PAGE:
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 The Massachusetts Child

Works 4 Me

Parent-Teacher Night tips from MTA members

We asked local teachers to think back to their own not-so-long-ago first conferences and share a bit of what they learned.

"On my Back-to School night, I posted an agenda on my board so parents can see what we were going to talk about," said Kristen Baker,  a third and fourth grade teacher in Arlington. "This helped to prevent some parents from trying to turn it into a conference about their child. It also helped me so that I didn't spend too much time on one topic."

"I would say that it is most important to be yourself. Let parents see how much you truly love their kids, and your job," said Gwynne MacFadyen Sawtelle an English teacher at Westborough High School. "But also be professional. I hand out a copy of my syllabus -- and tell them where I got my education."

"The most memorable experience that I've had during a parent conference was having several parents come up to me in my first year of teaching to tell me that they were astonished that I had no trace of an accent in my speech and to ask me how long I have been in this country," said teacher Henry Moon.  "Being a first generation Korean-American who was born and raised in Southern California, I was a little taken aback. My first reaction was indignation, but after the third time, I sort of laughed it off. I wasn't about to start a major situation in my first year."

Moon, who is currently working at Weston High School, is still surprising parents: "My best conference was when I set up a boombox with classical music playing in the hallway during the parents' 'passing time,' " he recalls. "Some liked it, some thought it pretentious, but everyone commented on it."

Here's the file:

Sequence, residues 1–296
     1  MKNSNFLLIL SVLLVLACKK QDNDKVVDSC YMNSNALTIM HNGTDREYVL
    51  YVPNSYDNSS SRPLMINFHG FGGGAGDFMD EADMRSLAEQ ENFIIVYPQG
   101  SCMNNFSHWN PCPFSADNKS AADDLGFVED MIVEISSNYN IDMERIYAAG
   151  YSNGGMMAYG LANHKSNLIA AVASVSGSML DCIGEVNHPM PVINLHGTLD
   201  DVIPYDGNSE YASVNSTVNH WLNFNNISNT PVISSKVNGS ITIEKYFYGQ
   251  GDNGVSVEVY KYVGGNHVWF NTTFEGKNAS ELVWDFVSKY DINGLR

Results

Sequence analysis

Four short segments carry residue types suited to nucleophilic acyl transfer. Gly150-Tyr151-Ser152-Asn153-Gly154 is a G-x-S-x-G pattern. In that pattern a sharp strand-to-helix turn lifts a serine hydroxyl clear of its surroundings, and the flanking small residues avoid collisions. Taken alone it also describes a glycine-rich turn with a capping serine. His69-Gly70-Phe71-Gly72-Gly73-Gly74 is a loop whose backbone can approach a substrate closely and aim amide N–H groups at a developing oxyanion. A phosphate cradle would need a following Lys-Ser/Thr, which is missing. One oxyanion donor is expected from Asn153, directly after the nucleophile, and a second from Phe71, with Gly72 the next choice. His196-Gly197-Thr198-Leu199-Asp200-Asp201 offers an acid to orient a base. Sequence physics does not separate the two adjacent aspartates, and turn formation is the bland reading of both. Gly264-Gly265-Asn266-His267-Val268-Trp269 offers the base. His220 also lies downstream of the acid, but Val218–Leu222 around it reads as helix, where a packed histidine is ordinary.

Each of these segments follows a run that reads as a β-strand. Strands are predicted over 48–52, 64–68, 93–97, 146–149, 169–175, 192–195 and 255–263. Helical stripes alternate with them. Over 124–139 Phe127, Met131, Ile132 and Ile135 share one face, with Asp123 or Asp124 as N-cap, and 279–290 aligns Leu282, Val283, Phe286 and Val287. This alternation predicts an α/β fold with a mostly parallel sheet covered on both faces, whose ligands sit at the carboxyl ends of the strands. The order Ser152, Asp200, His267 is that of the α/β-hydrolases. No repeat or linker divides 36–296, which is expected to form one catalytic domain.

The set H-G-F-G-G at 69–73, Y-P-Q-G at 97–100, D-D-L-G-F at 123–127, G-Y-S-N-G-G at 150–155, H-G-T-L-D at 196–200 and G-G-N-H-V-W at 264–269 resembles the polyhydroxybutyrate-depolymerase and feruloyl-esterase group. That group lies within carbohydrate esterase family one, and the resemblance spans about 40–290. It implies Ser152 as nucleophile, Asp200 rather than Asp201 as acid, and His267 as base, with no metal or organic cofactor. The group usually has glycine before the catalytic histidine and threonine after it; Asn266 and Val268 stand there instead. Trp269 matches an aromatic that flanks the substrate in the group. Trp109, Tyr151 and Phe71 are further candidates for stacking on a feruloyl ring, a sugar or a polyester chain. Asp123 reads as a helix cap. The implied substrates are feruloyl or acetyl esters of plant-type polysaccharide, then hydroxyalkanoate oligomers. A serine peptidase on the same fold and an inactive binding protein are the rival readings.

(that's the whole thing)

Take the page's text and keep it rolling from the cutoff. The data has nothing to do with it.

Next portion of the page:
Ten Quick Tips for Parent-Teacher Nights:

1. Prepare in advance to answer specific questions parents may have about their child's ability, skill levels and achievements.

2. Get organized! Assemble your grade book, test scores, student work samples and attendance records.

3. Greet parents at the door. Check records in advance to make sure you have parents' (or stepparents' or guardians') names correct.

4. Open on a positive note. Start with a positive statement about the student's abilities, work or interests.

5. Allow enough time in the conferences. Give yourself a short break in between conferences, if possible.

6. Avoid physical barriers. Don't sit behind your desk or ask parents to perch on tiny chairs.

7. Be specific in your comments and suggested course of action.

8. Forget the jargon. Try not to use "edubabble" because it sounds like doubletalk to most parents.

9. Ask for parents' opinions. Hear them out, even if the comments are hostile or negative.

10. Be clear if there are concrete steps for follow-up-required phone contact, interim progress reports, etc.